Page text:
Illuminated by light streaming from an open window into a simple room with an earthenware floor, a fisherman descales a pail full of herring under the watchful eyes of his wife who stands, hands on hips, before the couple’s box bed. To their right sits a simple meal of bread, cheese, and a beverage in an earthenware pitcher. A cooking pot hangs in the hearth at the far right of this cozy interior. When Quiringh van Brekelenkam painted this work in 1657, he was already an established artist, having joined the Guild of Saint Luke in 1648.1 Although he frequently depicted artisans such as tailors and spinners in their workshops, in this instance he represented a domestic scene of a fisherman cleaning his catch while his wife waits patiently for him to finish his task.
Van Brekelenkam’s paintings are stylistically less refined than those of his teacher Gerrit Dou (1613–75), which is more appropriate considering the social status of his subjects. As an anonymous eighteenth-century author noted, “his brushwork and treatment were loose and fluent, true to life, and of a benign nature, being a disciple of Dou, whom he followed in a vague way.”2 Van Brekelenkam painted for a less affluent art market than his master, with the hope that his domestic subject matter would appeal to the burgeoning middle class in Leiden. Unfortunately, it seems that his paintings did not command very high prices, which may have been one cause for his persistent financial problems.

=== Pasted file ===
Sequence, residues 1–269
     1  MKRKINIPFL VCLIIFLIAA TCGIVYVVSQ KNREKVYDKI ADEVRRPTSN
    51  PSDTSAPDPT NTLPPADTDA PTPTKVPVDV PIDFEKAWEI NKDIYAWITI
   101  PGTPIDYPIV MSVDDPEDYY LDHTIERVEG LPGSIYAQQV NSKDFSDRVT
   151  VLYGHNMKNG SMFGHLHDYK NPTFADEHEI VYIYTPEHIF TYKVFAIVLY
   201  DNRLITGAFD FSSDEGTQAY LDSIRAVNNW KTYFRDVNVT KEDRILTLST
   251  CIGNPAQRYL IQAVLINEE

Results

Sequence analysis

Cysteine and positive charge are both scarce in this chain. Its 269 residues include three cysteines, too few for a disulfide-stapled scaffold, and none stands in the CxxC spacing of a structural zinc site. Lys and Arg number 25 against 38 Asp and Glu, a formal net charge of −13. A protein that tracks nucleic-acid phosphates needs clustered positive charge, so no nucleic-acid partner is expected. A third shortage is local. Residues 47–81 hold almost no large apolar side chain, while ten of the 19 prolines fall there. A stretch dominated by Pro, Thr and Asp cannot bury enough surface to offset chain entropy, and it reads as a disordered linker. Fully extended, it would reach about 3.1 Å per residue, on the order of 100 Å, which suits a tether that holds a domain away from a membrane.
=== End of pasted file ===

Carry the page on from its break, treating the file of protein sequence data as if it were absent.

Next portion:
In this scene, Van Brekelenkam features the fisherman’s wife as the primary caretaker and probably the dominant personality of the home.3 Her character reflects a well-known passage from the book of Proverbs: “the wife of noble character . . . selects wool and flax and works with eager hand. She is like the merchant ships, bringing her food from afar. She gets up while it is still dark; she provides food for her family and portions for her servant girls” (Prov. 31:13–15). As she waits for her husband to prepare the fish, it is evident that she has prepared the simple meal of bread and cheese and that her house is in clean condition and good order. It is unclear whether all the fish is meant for their own consumption. The wife may also have a role in selling the fish at market. Van Brekelenkam suggests this role through her assertive stance as she gazes at her husband with hands on her hips. Ten years later, Van Brekelenkam depicted a fishmonger at market in a similar fashion (fig 1). Gabriel Metsu (1629–67) also used this body language in the confrontational exchange between two female merchants in his painting The Vegetable Market in Amsterdam, which he executed in the early 1660s (fig 2).
Although Van Brekelenkam painted for a largely middle-class market in the 1650s, he sought to expand his clientele in the 1660s by painting upper-class scenes in a more refined style, similar to those being painted by Dou, Metsu, and Frans van Mieris (1635–81). For example, Sentimental Conversation of the early 1660s (fig 3) displays Van Brekelenkam’s ability to depict fine fabrics in both the gentleman’s jerkin and the fur-trimmed jacket of his elegant companion. Despite their thematic and stylistic differences, Sentimental Conversation and Fisherman and His Wife in an Interior exhibit the same sensitivity to rendering the dynamic relationships between figures and to capturing light effects in interior settings.